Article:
Psychotherapy has been a series of generally well-intentioned attempts to throw mud against a wall to see what sticks. Over the past century, that method has told us this: Psychotherapy works. Two-thirds of patients improve within six months of starting treatment (longer treatment yields few further results). The therapist’s training and the school or philosophy of therapy in use make little difference. What does matter is the empathy level the patient perceives in the therapist, the patient’s willingness to engage in therapy, the severity of the patient’s illness to begin with, and the appropriateness of match, or treatment alliance, between patient and practitioner.
The pursuit of therapy—if not happiness—is a largely American phenomenon, Jonathan Engel tells us in American Therapy. By the 1960s, the United States had more clinical psychologists, psychiatrists, and psychiatric social workers than the rest of the world combined. “The history of psychotherapy in the United States . . . is a classic American tale of discovery, entrepreneurship, and self-promotion,” writes Engel, a professor of health care policy and management at Baruch College.
For it was in America, in the early 1900s, that Freudianism and psychoanalysis took hold as nowhere else (despite Sigmund Freud’s personal antipathy toward the United States). A therapeutic parade has followed: behaviorism (which views human beings as stimulus-response machines in which only observable, measurable behavior matters); humanistic approaches (which focus on social relationships as the key to wellness); cognitive therapy (which posits that thinking and beliefs drive our behavior and emotions); populist self-help programs such as Alcoholics Anonymous and Narcotics Anonymous; the largely 1960s-vintage therapies such as electroshock, transcendental meditation, and primal scream (the latter favored, briefly, by John Lennon and Yoko Ono); and so on.
There appears to be some truth to the notion that sick souls have a particular insight into what can make us well.
Engel writes, but does not write enough, about the characters who invented these various approaches. These doctors and visionaries were typically brilliant—and many were famously troubled. The humanist Harry Stack Sullivan (whom novelist Walker Percy called perhaps America’s greatest psychiatrist), for example, championed the importance of social relations, but was alcoholic, depressed, and misanthropic. There does appear to be some truth to the notion that sick souls, such as the great early psychologist William James, have a particular insight into what can make us well. (Among the exceptions is midwesterner William Menninger, hugely influential in raising psychiatry’s profile and credibility during and after World War II, who appears to have been a particularly sanguine character.)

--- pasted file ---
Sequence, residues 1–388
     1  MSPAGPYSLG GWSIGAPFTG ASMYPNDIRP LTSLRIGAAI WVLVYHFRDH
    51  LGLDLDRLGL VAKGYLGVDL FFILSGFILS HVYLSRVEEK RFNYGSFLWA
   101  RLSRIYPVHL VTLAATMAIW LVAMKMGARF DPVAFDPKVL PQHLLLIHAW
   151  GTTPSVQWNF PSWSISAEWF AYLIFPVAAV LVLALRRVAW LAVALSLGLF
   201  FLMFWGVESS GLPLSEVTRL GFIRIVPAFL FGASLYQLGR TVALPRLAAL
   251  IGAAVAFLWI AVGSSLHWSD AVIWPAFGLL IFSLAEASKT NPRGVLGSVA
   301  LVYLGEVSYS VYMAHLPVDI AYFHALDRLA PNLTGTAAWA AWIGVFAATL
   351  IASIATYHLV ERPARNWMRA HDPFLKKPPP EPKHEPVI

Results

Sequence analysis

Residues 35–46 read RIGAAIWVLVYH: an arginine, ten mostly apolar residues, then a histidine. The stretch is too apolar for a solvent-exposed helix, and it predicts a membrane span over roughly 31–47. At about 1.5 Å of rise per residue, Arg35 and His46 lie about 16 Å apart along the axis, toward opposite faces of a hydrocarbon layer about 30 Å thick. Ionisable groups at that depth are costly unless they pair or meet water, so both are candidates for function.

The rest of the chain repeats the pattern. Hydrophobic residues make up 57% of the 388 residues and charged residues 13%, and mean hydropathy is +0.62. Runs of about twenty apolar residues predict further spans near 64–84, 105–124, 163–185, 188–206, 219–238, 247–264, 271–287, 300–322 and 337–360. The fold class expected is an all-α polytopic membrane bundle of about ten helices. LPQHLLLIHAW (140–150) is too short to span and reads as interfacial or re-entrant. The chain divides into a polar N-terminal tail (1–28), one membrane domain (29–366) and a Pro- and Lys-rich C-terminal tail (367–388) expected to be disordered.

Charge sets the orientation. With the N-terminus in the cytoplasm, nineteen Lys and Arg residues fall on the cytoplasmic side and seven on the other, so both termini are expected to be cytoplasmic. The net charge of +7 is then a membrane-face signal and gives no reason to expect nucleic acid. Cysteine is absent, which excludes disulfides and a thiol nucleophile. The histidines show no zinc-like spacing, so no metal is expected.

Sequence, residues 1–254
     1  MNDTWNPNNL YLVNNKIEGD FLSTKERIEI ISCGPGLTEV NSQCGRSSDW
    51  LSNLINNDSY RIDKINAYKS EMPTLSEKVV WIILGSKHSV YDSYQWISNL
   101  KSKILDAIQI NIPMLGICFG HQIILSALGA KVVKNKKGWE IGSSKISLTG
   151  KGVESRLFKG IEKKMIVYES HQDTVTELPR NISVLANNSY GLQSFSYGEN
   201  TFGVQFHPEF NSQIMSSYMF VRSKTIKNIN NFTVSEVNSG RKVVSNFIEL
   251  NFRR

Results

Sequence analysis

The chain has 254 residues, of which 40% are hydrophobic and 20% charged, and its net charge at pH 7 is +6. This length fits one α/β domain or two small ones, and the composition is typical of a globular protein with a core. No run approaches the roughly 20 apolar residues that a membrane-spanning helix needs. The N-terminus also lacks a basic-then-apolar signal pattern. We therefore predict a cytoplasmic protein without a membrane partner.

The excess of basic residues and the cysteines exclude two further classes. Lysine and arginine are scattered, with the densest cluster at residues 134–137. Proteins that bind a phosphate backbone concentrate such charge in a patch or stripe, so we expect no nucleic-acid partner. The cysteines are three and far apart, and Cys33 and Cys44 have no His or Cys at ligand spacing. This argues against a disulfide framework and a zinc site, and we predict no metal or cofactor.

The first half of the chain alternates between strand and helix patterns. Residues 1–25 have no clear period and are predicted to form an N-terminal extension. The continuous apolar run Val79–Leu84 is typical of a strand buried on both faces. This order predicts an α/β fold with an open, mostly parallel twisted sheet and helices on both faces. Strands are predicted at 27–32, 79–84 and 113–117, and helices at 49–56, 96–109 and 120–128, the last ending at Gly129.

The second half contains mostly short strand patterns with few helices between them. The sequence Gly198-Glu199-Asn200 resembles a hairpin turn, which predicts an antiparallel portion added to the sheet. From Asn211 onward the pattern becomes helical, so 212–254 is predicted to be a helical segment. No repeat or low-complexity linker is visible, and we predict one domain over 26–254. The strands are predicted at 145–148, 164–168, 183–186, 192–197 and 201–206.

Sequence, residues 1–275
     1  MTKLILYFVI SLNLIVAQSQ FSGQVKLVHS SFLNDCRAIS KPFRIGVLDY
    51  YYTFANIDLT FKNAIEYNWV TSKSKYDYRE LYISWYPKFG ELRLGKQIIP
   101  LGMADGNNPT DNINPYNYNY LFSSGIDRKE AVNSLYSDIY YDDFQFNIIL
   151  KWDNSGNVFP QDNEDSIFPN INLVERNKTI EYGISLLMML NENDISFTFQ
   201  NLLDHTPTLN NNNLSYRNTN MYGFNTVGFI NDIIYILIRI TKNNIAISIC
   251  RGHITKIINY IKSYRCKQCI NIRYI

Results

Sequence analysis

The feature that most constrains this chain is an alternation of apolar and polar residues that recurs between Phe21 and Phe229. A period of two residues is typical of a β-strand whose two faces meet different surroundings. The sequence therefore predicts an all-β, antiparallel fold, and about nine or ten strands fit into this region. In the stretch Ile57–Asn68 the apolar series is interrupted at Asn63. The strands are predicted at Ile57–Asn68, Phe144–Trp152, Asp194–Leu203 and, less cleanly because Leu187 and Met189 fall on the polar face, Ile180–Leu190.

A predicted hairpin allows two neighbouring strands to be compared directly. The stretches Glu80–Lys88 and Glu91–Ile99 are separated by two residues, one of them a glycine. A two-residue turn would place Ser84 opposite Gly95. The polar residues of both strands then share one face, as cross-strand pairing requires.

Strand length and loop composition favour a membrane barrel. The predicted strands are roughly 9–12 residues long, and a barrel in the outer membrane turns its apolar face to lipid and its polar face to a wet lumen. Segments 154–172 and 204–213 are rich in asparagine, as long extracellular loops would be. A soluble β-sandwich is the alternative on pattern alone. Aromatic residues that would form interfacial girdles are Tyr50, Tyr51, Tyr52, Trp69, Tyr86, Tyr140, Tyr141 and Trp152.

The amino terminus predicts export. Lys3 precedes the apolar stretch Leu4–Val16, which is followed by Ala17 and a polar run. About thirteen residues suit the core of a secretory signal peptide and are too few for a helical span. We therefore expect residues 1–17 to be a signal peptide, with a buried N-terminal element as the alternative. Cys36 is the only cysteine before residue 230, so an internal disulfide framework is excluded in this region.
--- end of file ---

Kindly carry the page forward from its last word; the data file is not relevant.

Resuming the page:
Psychotherapy’s progress did not come without much confusion and excess, and even cruelty—lobotomies, excessive use of electroshock therapy, and charlatanry. A 1970s study by the California State Psychological Association found that more than five percent of male psychologists had had sex with female patients, some claiming that intercourse was a bona fide therapeutic technique. Today, such excesses have diminished. In recent decades, the profession for the first time has exposed itself to the light of day by objectively examining its actual clinical outcomes, producing what could be called a rational approach to psychotherapy. Good therapists these days are schooled in a variety of techniques and can deploy, with a fair degree of certainty, the appropriate approach for the individual patient.
American Therapy is a thoroughly researched and elegantly organized survey of therapy on America’s historical landscape. It is a commendable effort and would make a fine ancillary text for introductory psychology courses. But therein lies the problem. Engel’s assertion that the rise of psychotherapy is a uniquely American story—one that suits our nation’s varying sensibilities of optimism, pragmatism, and reinvention—is absolutely true. Each school of therapy has reflected the particular preoccupations of the era in which it was invented: Behaviorism and cognitive approaches came of age in the rational 1950s, self-help and self-exploratory journeys in the trippy ’60s, self-esteem interventions in the battered ’70s. Since the ’80s, we have seen the rise of approaches (and psychiatric medications, that new adjunct of—or replacement for—psychotherapy) designed to help us function in increasingly competitive economic times. Engel’s narrative does not do justice to the fascinating dialectic (or the stimulus-response, if you will) between our exterior and interior landscapes.
But Engel does show that throughout this long, strange trip, psychotherapy has truly mattered in America. Has it served as an antidote to American individualism? Have we used it to refute F. Scott Fitzgerald’s assertion that there are no second acts in American lives? Who knows. What we can conclude from American Therapy is a truth more universal than it is American: There has always been something unutterably and mysteriously healing about the unburdening of one’s soul to another person.
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Charles Barber, a lecturer in psychiatry at the Yale University School of Medicine, is the author of Comfortably Numb: How Psychiatry Is Medicating a Nation, published earlier this year, and Songs From the Black Chair: A Memoir of Mental Interiors.
Reviewed: American Therapy: The Rise of Psychotherapy in the United States by Jonathan Engel, Gotham, 352 pp, 2009.
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